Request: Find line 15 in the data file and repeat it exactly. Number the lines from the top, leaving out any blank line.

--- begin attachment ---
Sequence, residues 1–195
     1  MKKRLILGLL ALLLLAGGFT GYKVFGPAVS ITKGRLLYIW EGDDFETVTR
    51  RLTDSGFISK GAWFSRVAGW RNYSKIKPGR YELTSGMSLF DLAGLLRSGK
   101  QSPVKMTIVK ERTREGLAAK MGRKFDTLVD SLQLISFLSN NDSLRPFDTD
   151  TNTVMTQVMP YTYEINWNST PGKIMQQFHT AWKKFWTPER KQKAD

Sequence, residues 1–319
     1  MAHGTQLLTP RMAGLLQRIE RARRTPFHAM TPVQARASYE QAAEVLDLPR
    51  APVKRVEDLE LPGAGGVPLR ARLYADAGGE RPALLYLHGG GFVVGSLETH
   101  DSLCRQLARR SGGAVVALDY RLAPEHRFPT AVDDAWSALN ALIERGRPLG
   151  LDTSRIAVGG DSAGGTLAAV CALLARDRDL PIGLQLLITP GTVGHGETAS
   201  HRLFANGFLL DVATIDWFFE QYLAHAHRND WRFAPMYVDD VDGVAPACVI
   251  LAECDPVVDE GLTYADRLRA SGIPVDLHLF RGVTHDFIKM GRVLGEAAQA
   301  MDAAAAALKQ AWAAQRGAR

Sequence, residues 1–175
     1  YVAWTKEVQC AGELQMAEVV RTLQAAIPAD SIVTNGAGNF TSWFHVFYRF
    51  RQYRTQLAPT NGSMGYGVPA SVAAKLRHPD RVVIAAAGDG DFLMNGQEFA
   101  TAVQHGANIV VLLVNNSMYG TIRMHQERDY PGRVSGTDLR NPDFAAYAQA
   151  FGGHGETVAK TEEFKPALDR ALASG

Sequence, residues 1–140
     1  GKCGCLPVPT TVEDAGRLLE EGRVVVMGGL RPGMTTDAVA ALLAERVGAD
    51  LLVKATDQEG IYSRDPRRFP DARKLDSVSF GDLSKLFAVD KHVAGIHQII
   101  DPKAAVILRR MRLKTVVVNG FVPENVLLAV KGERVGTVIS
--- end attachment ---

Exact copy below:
     1  YVAWTKEVQC AGELQMAEVV RTLQAAIPAD SIVTNGAGNF TSWFHVFYRF